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Tuesday, 1 February 2011

Gabriel Orozco at The Tate Modern

At the age of 48, Mexican artist Gabriel Orozco is being heralded as one of the most influential creatives of this decade, and probably of the next one too. A retrospective of his work has just opened at Tate Modern showing some of his most familiar works alongside others less well known; I visited on my day off earlier this week.

There is a level of interaction for visitors at this exhibition. Various wacky sculptures are on display and you are encouraged to investigate the magic of these pieces yourself. An escalator lift sits stationary on the floor; you walk in to discover it only has a floor 1 option button, so even if it could move there would be nowhere to go. There is a fabulous ‘squashed Citroen car’ (see above) that despite having all four wheels is only one person wide. I couldn’t stop staring at it, and wanted to take it home as my car, though I’m sure as the driver you would feel embarrassingly like Noddy.

My favourite piece though was the moving billiards game that occupied me for a good while. The table has two standard white balls, and one red ball that hangs from the ceiling on a thin flexible string. One must attempt to hit the red ball with one of the white balls; cues stand nearby for one's use. Once hit, the red ball begins to swing, and the game continues. I’m no expert at average boring billiards, but I seemed to be pretty good at this propelling game, hitting the ball high in the sky,much to my delight. Richard Dorment of the Telegraph aptly puts it: ‘Orozco likes games – as long as he gets to set the rules.’

All these works are a contemporary take on Surrealism; Orozco explores the creative possibilities of often banal objects, altering them and imagining new configurations. This is particularly true of the empty white shoebox that sits undescribed in the centre of the main room, baffling passers by.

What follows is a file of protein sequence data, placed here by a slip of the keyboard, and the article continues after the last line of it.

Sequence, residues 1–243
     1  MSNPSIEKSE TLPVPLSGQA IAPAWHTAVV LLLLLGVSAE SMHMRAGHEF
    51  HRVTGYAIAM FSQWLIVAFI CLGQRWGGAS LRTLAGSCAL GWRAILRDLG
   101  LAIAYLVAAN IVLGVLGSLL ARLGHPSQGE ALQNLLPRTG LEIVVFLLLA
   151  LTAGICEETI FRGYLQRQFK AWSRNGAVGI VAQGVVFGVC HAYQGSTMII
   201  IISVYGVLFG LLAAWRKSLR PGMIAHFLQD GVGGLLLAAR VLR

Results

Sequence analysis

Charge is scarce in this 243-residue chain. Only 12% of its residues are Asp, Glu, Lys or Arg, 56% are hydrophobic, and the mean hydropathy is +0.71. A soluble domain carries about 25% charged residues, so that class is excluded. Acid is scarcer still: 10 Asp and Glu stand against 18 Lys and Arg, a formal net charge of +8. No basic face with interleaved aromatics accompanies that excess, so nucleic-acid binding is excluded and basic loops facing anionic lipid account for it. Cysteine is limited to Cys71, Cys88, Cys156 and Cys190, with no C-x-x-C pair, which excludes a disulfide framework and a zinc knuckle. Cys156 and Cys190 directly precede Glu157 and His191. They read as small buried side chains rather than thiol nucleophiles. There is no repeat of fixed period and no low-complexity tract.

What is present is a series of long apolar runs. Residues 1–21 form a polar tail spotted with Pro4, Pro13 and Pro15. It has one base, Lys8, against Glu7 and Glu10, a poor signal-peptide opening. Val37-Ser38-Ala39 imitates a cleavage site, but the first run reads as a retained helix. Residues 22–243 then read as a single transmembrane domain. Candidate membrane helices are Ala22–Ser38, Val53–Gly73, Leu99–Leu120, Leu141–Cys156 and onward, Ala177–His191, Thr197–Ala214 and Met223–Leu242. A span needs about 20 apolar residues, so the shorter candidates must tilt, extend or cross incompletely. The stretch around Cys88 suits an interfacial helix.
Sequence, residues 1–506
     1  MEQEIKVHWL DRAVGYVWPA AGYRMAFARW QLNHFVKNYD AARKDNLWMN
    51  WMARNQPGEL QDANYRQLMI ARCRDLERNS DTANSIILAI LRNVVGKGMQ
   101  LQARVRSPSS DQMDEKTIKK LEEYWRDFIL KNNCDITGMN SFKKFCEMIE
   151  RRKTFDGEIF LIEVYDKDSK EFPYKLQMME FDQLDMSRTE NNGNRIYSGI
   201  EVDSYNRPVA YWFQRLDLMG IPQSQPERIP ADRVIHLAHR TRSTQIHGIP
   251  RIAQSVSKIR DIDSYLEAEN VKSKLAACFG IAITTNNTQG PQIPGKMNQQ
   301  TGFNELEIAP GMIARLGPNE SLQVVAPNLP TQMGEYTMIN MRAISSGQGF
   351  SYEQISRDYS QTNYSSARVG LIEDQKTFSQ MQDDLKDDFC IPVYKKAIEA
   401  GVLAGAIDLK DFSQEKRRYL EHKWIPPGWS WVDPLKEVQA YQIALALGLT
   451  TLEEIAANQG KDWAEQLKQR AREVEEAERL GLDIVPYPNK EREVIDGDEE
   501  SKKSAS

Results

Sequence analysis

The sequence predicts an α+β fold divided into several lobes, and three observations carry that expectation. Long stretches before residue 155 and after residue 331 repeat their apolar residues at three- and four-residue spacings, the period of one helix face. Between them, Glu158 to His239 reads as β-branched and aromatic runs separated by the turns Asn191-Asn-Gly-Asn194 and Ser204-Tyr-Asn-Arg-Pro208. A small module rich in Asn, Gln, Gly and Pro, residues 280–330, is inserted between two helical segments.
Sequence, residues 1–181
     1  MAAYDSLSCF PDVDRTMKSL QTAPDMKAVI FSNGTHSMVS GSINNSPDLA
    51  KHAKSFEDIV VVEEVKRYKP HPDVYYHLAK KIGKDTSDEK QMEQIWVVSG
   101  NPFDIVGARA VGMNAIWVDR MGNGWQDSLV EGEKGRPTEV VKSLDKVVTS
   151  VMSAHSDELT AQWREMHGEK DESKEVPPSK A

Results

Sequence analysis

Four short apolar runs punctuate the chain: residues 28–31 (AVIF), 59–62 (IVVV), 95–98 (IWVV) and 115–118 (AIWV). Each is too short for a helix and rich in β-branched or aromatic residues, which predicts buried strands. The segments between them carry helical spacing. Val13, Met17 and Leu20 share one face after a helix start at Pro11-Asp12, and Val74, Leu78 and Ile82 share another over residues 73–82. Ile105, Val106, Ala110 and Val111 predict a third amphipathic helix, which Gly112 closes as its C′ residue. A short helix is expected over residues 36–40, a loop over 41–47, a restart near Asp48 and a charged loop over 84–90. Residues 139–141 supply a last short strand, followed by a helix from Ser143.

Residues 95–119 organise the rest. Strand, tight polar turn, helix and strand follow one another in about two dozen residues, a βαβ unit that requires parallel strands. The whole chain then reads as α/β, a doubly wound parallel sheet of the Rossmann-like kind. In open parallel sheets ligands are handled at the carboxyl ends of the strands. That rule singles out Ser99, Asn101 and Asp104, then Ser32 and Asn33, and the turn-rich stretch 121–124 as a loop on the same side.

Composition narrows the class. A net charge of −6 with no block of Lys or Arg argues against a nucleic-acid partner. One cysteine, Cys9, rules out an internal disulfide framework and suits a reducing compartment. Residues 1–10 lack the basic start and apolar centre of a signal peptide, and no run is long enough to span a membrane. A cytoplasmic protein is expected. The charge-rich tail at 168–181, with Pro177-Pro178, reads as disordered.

It is not just objects and sculptures though - there are a large number of photographs and drawings and these too are an important part of Orozco’s art. Sometimes it is just photographic documentation of a transient work that is long gone. The drawings are thoughtful and measured, and with little rational explanation they become very abstract. I particularly liked the Bubble drawing series that are displayed together in a small room. They are fascinating to study and resemble precise molecular diagrams.

This retrospective is Britain’s first major encounter with Orozco. In an amusing exhibition we are given an insight into an artist whose work is clever and original, full of fascinating experiment. It's not to be missed.

Gabriel Orozco continues at Tate Modern until 25 April, 2011, BOOK HERE.


  1. What a wish I was going to be in London during this art show!! Thrilled to find and follow your beautiful blog!!

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  5. Now I am wildly jealous of being in London to see this amazing exhibition! I love interactive art and this sounds like lots of fun. Great blog description, you have made this the next best thing to being there. Greetings from a designer in Melbourne, Australia.

  6. wow that artist sounds amazing! lucky you, being in london!